A Sales and Marketing Love Story in Four Acts
In the ideal land of corporate operations, sales and marketing teams nest their efforts to accelerate the transition of a prospect into a brand advocate. However, reality often consists of rival sales and marketing teams squaring off like the Sharks and the Jets from West Side Story. We all know the age old story: sales believes that marketing is failing to generate leads while marketing believes that sales strikes out with the leads the marketing team hands them. We here at Auto Labs have developed a process that mashes sales and marketing together into an optimized and accelerated customer journey.
First, let us define the fundamental structure of our process. On the left and right sides, you see sales and marketing efforts that further break down to an “objective” and “mechanism” which correspond to each phase within the sales funnel. Both sales and marketing efforts converge into a focused approach that drives customers further down the funnel by applying the appropriate mechanisms to achieve their objectives during each phase. The silver boxes define the transition criterion to move the customer to the next phase and transition the respective sales and marketing approaches. Ideally, you have multiple customers in different phases that your sales and marketing teams are driving further down the process all the while collaborating and leveraging specific capabilities and talents at the right time. Bottom line: this approach fails if your sales and marketing are not working as a team.
The shape of the funnel indicates that while many prospects begin this process, few will emerge on the far side as advocates. Let us be honest: your team is not going to bat a 1000 unless you are selling syrup at the National Waffle Convention; hence, the inverted pyramid of reality and disappointment remains our morose choice of geometric representation.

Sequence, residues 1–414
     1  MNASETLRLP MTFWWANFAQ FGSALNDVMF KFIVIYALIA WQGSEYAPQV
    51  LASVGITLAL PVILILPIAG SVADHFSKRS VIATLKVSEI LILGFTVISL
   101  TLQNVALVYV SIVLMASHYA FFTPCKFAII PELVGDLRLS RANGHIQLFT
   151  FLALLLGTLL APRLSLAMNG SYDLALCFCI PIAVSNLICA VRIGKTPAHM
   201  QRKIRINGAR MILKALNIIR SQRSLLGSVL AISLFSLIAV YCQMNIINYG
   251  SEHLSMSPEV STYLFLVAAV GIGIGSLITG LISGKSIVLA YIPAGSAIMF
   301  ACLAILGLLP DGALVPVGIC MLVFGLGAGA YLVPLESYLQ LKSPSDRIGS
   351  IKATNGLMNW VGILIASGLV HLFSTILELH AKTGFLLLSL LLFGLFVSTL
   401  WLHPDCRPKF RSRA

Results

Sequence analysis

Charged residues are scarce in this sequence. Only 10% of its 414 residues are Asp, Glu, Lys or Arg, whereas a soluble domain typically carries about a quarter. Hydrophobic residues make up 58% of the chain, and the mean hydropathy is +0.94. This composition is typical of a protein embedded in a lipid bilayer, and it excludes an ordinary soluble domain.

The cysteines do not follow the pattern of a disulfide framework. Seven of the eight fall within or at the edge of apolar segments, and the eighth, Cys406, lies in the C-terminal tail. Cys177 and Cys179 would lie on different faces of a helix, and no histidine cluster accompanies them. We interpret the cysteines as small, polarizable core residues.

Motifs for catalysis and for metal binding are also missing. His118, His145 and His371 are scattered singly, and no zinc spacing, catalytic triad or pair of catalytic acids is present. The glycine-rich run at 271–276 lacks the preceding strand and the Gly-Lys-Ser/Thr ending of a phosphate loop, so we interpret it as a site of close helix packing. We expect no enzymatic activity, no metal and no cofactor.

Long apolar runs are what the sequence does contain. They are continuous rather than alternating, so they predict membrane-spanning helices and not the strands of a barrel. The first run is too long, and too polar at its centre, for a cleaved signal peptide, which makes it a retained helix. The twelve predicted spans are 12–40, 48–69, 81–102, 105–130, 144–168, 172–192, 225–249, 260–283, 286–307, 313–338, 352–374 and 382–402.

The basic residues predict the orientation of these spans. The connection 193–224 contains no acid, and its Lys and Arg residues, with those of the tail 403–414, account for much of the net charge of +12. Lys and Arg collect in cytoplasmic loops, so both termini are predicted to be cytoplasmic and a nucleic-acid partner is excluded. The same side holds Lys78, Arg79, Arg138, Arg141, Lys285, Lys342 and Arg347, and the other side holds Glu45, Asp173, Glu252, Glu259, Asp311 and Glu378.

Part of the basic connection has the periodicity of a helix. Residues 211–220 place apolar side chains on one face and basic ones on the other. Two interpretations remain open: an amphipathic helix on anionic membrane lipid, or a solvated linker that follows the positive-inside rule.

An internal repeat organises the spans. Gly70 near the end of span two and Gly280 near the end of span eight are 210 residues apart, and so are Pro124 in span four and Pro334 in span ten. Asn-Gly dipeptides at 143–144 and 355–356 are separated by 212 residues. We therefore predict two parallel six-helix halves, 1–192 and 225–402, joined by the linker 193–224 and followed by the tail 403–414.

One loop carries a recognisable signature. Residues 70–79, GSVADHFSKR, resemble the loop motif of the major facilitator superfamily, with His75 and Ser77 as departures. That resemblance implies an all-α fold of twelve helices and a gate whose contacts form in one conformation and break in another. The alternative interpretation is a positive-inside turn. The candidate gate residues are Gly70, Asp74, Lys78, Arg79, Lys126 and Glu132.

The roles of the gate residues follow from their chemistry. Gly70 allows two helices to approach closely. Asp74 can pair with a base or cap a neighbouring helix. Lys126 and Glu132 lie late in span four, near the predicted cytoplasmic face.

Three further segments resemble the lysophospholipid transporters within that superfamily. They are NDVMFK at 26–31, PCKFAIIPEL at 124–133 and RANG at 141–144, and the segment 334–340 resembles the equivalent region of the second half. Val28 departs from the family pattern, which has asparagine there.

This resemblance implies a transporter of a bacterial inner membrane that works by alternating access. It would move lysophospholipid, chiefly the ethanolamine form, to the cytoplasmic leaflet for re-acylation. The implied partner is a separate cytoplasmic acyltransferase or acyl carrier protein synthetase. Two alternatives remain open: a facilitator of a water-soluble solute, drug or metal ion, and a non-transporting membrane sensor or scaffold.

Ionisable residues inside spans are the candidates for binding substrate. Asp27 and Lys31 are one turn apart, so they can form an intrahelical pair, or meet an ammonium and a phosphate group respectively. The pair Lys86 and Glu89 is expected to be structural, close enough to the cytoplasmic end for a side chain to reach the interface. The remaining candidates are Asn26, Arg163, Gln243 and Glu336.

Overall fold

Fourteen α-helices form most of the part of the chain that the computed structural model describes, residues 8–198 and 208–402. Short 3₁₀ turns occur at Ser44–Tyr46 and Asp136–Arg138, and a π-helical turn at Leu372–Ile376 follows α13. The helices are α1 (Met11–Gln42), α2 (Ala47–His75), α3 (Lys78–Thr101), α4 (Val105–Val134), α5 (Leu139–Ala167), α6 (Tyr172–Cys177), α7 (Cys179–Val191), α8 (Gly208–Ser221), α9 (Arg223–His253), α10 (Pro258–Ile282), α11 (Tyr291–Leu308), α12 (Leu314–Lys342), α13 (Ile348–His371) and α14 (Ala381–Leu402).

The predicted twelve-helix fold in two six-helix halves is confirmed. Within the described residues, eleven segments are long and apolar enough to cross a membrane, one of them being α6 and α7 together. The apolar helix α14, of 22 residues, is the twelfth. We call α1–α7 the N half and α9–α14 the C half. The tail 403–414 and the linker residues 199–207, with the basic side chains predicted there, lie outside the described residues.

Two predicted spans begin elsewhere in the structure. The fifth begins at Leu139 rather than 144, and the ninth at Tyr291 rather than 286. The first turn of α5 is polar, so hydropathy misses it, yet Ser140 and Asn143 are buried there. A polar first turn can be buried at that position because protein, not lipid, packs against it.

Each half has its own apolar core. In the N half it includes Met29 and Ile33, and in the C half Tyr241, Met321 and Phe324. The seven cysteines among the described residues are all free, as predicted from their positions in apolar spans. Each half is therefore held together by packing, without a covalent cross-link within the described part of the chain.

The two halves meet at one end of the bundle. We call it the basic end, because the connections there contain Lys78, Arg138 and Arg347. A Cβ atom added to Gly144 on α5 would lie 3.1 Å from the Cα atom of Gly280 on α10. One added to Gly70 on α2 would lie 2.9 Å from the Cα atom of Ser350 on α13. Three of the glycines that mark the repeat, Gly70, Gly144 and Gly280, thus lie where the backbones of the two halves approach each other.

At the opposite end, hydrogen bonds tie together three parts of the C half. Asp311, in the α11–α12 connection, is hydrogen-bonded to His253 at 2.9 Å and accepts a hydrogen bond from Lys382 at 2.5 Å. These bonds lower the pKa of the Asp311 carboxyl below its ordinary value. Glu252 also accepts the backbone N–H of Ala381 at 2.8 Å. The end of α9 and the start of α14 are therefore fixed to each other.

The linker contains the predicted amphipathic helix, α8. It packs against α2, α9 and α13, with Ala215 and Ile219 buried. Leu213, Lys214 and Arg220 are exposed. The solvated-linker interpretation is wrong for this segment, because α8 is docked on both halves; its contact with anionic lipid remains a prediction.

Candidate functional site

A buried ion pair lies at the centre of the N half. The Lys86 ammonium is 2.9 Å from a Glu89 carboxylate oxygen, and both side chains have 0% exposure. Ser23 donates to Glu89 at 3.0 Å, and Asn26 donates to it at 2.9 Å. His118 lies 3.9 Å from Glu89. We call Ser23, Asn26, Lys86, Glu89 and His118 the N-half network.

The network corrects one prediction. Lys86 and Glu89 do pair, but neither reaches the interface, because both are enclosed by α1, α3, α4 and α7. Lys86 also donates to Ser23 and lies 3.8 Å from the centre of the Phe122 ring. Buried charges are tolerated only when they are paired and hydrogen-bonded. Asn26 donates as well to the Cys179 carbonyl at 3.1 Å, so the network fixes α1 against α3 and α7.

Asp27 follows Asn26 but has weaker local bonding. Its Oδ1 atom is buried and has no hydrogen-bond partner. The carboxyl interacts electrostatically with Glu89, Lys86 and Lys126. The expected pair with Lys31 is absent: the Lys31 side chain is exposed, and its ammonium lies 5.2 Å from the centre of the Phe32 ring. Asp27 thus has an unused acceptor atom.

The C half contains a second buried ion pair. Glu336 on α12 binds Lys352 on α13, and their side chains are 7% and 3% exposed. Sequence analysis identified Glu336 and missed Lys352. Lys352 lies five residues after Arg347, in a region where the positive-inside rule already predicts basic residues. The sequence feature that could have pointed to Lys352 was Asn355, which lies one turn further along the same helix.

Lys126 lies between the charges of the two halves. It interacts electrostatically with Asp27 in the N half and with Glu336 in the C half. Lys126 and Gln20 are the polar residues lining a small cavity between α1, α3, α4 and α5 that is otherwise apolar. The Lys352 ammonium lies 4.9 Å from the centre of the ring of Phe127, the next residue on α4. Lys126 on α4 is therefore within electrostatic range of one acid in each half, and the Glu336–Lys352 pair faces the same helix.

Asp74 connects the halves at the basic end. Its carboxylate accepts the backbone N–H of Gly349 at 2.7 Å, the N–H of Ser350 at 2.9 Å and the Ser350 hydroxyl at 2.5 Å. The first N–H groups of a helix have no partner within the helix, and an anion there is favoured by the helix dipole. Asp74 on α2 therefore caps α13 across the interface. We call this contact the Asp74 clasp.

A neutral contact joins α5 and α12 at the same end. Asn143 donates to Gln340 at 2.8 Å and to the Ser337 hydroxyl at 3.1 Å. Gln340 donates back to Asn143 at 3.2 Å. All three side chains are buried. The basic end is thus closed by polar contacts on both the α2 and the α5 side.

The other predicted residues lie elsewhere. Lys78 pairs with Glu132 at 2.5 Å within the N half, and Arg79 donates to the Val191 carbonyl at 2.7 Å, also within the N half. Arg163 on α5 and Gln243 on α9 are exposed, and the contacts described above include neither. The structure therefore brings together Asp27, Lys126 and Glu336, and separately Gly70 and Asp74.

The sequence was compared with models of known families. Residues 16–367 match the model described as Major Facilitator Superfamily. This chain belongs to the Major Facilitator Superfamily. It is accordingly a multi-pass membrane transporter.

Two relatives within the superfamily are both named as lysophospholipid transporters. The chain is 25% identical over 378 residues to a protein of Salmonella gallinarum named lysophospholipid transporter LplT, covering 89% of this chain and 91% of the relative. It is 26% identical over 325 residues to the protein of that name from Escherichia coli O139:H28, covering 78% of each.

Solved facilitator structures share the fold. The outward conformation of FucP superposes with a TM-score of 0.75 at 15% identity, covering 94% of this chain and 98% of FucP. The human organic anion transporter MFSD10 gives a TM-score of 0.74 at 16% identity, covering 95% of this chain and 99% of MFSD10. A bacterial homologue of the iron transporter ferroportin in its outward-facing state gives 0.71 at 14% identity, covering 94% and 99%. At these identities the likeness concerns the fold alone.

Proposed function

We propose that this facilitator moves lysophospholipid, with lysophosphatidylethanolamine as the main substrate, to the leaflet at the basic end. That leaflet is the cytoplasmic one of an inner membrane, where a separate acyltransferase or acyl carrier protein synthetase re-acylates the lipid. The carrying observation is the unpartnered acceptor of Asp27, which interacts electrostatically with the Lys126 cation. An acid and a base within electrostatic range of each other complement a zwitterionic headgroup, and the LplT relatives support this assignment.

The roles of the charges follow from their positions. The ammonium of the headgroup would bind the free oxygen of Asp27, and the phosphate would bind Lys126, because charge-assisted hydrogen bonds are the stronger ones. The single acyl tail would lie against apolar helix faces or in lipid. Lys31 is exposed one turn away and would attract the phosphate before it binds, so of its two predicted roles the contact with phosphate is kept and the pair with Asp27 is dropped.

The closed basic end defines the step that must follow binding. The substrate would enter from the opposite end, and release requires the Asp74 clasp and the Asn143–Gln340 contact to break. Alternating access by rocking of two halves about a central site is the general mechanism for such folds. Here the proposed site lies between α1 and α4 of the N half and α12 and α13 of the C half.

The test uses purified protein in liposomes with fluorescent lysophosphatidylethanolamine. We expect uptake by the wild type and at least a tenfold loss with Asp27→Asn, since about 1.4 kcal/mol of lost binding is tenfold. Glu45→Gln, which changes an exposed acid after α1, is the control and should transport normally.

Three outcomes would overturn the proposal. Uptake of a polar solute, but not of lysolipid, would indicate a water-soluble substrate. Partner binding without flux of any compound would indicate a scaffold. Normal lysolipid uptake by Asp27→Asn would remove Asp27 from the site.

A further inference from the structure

We here at Auto Labs believe that this process applies to any customer journey regardless if you are selling oil changes or starting a karate dojo in Reseda. This is a descriptive process as opposed to a prescriptive method. One can scope, scale, and/or alter this construct as necessary. Our future discussions will both explain how this process works for us and offer suggestions as to how you can implement a similar model within your team. We know that we do not have all the answers when it comes to integrating sales and marketing into a combined effort, but our two teams work well together. To the best of their knowledge, nobody has let the air out of anyone’s tires in the parking lot, and we aim to keep it that way.
This is the first post in a series that will break down our process phase by phase. That is right, we are going on an adventure. In the end, we want to explain how to focus the talents of both your sales and marketing teams to facilitate the most efficient and optimized customer journey. Selling something is not difficult; the challenge lies with minimizing the time and resources required to make the sale all the while building advocacy within your customer base. So stay turned for next month’s article where we will meet our first group of prospects as they begin their journey.
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